By Andrew L. Urban
“Love her or hate her, to disrespect the PM is to disrespect our entire system,” writes Jacqueline Maley (Why it takes a flying crust to burst the political bubble, Sydney Morning Herald, June 1, 2013). Maley is commenting on an incident the Thursday prior, when Prime Minister Julia Gillard’s arm was grazed by a flying sandwich, assailant unknown, during her visit to Lyneham High School in Canberra.
This idea of not paying disrespect to the Prime Minister is to be welcomed in a generous and decent democracy, but Maley seems the only person in Australian media or politics who is prepared to state it publicly. There is no evidence that anyone else has such fine sensibilities, and in fact the voting public is sickened by the rivers of disrespect flooding the chamber of Parliament – and beyond.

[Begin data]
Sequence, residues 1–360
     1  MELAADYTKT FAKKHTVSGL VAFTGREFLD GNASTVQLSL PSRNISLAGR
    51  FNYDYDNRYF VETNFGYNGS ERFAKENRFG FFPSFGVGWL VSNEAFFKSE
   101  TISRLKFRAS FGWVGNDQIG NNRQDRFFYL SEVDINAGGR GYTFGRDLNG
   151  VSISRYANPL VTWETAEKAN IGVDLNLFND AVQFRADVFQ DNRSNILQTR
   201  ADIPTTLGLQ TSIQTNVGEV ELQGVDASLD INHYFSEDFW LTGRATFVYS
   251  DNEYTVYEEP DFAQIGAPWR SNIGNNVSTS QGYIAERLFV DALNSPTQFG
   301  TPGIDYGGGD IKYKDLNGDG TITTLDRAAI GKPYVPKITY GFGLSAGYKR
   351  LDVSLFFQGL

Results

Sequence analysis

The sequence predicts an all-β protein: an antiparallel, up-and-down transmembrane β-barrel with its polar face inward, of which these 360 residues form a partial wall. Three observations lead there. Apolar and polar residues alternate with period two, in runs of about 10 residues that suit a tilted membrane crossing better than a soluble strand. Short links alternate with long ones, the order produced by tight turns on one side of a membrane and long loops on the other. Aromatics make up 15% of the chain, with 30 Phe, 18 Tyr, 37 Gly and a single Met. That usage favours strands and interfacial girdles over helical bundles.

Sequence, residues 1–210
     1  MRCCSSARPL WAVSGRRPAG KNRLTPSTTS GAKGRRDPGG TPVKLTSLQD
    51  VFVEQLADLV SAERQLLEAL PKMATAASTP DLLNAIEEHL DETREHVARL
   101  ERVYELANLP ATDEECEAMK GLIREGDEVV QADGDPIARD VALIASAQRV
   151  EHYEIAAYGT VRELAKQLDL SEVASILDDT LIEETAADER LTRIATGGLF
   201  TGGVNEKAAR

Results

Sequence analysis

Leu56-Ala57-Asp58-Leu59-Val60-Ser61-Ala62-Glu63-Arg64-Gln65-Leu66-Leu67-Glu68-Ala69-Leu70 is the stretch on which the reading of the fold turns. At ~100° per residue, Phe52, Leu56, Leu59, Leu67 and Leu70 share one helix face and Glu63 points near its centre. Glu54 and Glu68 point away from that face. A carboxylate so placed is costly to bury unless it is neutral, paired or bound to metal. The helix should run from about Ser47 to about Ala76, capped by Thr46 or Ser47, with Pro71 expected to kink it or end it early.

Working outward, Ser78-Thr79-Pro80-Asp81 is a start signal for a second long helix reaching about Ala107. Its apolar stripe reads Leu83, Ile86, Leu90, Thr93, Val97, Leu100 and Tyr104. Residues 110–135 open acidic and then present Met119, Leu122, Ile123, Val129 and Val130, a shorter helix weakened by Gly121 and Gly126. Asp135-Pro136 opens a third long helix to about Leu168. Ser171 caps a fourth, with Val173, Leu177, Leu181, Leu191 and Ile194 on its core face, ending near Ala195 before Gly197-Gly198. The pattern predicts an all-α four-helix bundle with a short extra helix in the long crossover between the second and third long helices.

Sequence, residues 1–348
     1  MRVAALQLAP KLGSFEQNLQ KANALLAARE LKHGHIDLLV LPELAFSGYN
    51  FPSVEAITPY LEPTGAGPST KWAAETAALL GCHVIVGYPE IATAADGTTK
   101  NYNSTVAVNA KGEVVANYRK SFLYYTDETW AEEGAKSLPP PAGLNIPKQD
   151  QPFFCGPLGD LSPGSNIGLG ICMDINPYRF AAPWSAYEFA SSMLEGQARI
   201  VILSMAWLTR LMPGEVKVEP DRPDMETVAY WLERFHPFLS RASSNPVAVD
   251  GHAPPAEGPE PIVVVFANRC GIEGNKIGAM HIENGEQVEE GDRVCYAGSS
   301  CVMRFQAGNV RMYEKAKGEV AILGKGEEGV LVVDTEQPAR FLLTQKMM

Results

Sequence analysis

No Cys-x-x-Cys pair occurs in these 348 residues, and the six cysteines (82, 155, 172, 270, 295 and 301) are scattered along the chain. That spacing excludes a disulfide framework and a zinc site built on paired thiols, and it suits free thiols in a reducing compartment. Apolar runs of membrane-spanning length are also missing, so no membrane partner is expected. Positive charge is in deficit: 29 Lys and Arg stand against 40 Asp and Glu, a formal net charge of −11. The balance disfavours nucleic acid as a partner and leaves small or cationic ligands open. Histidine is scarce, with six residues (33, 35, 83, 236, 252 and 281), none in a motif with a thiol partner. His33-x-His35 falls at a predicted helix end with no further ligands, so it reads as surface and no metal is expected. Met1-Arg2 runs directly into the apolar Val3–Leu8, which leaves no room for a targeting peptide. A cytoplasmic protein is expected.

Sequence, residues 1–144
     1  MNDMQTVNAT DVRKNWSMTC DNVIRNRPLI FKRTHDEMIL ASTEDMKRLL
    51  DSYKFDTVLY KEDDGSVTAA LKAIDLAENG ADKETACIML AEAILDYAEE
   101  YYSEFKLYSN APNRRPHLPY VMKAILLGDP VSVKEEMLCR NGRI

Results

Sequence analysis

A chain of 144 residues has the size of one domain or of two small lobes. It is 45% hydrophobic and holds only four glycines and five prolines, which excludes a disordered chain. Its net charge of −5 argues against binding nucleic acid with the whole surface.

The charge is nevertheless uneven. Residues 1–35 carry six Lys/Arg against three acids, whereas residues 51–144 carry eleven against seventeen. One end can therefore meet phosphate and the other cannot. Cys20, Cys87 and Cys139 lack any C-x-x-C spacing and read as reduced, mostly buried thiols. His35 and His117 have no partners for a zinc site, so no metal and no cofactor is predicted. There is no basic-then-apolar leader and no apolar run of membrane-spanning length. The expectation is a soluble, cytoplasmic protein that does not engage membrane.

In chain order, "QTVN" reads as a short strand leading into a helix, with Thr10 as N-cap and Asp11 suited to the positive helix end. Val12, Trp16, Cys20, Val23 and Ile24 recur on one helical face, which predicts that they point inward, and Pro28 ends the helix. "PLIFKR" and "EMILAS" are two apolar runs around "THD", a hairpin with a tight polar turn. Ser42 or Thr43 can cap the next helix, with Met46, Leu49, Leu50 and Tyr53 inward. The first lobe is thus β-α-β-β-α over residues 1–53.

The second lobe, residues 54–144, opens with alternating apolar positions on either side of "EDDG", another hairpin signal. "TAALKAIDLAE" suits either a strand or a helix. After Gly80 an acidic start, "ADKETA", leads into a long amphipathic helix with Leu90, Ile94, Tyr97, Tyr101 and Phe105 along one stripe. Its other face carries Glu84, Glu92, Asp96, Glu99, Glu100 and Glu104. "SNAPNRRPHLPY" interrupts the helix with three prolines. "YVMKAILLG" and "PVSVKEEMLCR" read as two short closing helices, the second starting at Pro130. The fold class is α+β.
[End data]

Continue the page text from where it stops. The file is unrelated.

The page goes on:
What about cartoons that disrespect the PM (and other politicians)? I think PMs have to earn respect like everyone else, and perhaps what Maley should have said is that throwing a sandwich at the PM is to be deplored on the grounds that it is – however minimal – a violent act. Where do you draw the line? Do we overlook untoasted soft white bread sandwiches – but prosecute anyone lobbying a whole loaf?
Disrespect – in the form of political activism – is hard to define; it’s probably impossible to eradicate.